ErbB4/HER4: Role in Mammary Gland Development, Differentiation and Growth Inhibition

  • Rebecca S. Muraoka-Cook
  • Shu-Mang Feng
  • Karen E. Strunk
  • H. Shelton EarpIIIEmail author


The ErbB receptor tyrosine kinase family has often been associated with increased growth of breast epithelial cells, as well as malignant transformation and progression. In contrast, ErbB4/HER4 exhibits unique attributes from a two step proteolytic cleavage which releases an 80 kilodalton, nuclear localizing, tyrosine kinase to a signal transduction mechanism that slows growth and stimulates differentiation of breast cells. This review provides an overview of ErbB4/HER4 in growth and differentiation of the mammary epithelium, including its physiologic role in development, the contrasting growth inhibition/tumor suppression and growth acceleration of distinct ErbB4/HER4 isoforms and a description of the unique cell cycle regulated pattern of nuclear HER4 ubiquitination and destruction.


Mammary development Growth inhibition HER4 and breast cancer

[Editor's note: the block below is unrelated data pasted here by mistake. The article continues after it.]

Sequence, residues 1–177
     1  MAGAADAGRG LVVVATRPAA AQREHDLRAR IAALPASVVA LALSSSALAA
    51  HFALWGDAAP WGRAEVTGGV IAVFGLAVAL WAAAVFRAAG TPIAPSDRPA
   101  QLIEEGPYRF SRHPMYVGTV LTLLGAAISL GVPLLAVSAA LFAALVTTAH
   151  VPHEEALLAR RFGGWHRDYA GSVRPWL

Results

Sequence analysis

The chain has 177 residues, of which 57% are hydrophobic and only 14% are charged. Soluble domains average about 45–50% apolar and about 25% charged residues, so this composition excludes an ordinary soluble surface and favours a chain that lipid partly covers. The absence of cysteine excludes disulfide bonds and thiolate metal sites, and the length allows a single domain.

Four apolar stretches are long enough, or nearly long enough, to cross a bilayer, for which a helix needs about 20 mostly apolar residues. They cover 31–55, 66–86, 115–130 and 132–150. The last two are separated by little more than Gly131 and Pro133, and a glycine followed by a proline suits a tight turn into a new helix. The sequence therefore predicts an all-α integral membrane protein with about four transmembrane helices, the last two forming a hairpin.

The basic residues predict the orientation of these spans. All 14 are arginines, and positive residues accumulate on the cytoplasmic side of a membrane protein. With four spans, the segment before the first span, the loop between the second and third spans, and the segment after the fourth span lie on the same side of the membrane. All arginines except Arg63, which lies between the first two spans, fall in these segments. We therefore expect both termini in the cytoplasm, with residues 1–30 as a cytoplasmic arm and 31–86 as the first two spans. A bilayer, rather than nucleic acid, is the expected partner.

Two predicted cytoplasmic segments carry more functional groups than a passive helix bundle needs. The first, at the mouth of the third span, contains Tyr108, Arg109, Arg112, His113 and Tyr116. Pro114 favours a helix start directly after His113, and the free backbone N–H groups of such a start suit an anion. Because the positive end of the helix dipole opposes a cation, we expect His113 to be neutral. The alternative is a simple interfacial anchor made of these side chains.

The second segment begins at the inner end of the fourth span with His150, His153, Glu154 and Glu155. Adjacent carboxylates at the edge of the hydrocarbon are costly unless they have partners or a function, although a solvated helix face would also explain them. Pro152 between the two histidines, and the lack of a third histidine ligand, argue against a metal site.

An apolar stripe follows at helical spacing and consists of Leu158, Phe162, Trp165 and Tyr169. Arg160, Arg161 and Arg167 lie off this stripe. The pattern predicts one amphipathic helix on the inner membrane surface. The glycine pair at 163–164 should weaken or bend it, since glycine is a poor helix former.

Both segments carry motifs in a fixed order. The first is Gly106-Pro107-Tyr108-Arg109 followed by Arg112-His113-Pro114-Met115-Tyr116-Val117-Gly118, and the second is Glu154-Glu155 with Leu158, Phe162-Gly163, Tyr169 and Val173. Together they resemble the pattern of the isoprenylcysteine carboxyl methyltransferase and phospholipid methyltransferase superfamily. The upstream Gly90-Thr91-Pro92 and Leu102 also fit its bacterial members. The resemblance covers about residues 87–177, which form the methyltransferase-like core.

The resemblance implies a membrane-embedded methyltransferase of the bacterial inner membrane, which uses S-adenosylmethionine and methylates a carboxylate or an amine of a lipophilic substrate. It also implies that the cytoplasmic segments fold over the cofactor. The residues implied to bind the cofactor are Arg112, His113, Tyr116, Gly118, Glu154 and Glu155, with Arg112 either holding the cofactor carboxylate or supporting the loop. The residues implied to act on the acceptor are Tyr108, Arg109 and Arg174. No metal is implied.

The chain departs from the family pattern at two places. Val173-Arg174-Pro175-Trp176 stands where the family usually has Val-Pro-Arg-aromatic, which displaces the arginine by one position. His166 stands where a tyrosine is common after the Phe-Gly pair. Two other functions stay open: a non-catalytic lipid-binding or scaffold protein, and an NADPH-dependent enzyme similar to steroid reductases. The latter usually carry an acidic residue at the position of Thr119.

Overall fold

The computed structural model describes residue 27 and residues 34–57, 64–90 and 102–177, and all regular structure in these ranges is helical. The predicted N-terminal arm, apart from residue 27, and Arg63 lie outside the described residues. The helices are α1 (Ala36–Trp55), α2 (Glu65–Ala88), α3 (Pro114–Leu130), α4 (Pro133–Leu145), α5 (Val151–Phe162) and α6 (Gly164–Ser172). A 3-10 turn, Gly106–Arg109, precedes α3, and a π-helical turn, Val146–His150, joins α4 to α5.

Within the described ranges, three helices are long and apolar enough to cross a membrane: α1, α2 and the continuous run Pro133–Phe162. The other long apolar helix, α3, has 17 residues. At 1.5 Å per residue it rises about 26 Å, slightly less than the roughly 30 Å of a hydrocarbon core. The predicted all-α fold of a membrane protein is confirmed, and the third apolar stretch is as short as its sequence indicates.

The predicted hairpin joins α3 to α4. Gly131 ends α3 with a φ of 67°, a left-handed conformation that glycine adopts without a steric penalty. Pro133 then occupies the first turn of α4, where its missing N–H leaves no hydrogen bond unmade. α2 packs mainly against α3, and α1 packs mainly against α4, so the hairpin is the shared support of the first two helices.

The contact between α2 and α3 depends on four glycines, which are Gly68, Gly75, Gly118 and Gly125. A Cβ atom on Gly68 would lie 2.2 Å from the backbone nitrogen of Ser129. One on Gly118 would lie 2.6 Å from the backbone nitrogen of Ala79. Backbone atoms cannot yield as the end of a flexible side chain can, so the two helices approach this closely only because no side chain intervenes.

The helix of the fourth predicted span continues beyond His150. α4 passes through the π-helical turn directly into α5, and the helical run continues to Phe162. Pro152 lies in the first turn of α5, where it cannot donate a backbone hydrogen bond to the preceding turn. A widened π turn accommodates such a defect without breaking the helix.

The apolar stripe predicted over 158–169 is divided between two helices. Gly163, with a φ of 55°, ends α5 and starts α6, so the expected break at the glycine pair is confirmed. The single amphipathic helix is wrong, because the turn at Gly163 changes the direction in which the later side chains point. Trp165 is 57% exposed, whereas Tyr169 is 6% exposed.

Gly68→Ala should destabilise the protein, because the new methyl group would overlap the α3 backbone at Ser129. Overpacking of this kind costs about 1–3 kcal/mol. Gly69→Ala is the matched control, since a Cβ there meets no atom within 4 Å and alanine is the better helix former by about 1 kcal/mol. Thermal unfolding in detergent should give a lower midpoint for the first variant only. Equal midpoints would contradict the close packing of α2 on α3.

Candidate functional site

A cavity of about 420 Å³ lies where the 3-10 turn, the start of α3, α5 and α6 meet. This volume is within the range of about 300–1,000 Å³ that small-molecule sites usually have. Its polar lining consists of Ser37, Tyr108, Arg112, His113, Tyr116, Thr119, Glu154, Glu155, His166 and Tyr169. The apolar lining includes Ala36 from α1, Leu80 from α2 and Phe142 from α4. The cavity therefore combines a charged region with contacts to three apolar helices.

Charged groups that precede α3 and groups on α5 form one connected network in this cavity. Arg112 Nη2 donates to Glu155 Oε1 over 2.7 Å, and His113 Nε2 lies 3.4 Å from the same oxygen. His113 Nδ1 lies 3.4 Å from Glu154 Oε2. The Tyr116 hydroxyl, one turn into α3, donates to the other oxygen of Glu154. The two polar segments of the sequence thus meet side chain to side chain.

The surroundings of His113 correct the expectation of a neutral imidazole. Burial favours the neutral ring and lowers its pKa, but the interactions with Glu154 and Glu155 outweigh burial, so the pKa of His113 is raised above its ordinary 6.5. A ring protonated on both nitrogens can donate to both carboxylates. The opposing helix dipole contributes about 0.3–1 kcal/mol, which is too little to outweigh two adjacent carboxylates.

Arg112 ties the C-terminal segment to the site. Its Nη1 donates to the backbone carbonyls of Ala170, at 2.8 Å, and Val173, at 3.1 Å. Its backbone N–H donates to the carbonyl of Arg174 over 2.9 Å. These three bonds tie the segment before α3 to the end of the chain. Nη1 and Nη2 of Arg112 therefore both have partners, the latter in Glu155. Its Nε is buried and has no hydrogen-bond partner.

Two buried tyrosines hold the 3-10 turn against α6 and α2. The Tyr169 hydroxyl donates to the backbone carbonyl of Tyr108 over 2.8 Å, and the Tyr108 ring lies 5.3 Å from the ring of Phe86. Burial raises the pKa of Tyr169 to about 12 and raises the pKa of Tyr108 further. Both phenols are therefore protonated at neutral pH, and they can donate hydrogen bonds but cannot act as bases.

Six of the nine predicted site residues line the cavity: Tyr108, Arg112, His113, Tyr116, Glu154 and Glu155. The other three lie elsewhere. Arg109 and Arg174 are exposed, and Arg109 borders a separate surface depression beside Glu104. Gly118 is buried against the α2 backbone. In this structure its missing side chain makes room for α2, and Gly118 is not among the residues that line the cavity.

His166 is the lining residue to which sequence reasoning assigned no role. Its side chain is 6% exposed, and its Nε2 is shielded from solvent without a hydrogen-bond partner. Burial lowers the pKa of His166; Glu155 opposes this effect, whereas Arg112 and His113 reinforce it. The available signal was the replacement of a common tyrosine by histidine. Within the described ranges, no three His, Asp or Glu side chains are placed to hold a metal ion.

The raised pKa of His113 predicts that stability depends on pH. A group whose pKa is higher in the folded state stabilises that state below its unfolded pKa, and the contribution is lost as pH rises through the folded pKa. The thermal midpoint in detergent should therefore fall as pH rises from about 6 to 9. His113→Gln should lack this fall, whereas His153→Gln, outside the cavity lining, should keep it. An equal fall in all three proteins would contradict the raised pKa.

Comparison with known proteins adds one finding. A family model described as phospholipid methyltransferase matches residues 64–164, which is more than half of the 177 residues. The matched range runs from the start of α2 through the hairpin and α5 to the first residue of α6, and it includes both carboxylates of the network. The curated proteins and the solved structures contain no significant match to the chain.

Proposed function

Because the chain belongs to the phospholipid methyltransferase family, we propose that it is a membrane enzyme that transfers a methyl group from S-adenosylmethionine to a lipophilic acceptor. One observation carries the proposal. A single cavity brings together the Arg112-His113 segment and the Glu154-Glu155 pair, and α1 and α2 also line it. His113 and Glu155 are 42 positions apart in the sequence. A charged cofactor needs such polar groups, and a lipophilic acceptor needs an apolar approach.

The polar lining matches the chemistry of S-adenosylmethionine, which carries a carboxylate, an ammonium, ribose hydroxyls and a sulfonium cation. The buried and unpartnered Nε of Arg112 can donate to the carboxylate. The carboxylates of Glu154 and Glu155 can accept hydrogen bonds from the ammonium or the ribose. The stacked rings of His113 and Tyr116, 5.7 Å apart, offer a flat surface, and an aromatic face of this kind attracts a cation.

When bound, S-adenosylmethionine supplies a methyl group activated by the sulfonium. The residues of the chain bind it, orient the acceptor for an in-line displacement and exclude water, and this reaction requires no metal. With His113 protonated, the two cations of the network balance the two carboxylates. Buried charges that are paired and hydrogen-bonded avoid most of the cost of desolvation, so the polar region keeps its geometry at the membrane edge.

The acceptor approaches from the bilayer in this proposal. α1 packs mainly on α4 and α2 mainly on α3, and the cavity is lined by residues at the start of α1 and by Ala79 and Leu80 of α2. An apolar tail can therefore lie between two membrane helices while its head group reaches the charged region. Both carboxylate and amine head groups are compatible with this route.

epidermal growth factor


epidermal growth factor receptor




receptor tyrosine kinase


heparin binding epidermal growth factor-like factor


tumor necrosis factor-alpha converting enzyme


GFP tagged HER4 C-terminus w/o the tyrosine kinase domain




terminal end buds




mammary epithelial cells


Janus kinase 2


signal transducer and transcriptional activator 5a


anaphase promoting complex/cyclosome


hyperplastic alveolar nodules


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Copyright information

© Springer Science+Business Media, LLC 2008

Authors and Affiliations

  • Rebecca S. Muraoka-Cook
    • 1
    • 2
  • Shu-Mang Feng
    • 1
  • Karen E. Strunk
    • 1
  • H. Shelton EarpIII
    • 1
    • 3
    • 4
    Email author
  1. 1.UNC-Lineberger Comprehensive Cancer CenterUniversity of North Carolina Chapel HillChapel HillUSA
  2. 2.Department of GeneticsUniversity of North Carolina School of MedicineChapel HillUSA
  3. 3.Department of MedicineUniversity of North Carolina School of MedicineChapel HillUSA
  4. 4.Department of PharmacologyUniversity of North Carolina School of MedicineChapel HillUSA

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